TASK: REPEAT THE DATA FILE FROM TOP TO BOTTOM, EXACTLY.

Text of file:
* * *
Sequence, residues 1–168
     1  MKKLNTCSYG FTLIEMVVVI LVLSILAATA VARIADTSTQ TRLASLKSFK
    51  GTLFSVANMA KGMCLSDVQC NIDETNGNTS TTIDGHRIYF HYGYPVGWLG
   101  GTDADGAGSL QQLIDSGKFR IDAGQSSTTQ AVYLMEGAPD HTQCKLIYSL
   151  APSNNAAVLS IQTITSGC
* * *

Sequence, residues 1–168
     1  MKKLNTCSYG FTLIEMVVVI LVLSILAATA VARIADTSTQ TRLASLKSFK
    51  GTLFSVANMA KGMCLSDVQC NIDETNGNTS TTIDGHRIYF HYGYPVGWLG
   101  GTDADGAGSL QQLIDSGKFR IDAGQSSTTQ AVYLMEGAPD HTQCKLIYSL
   151  APSNNAAVLS IQTITSGC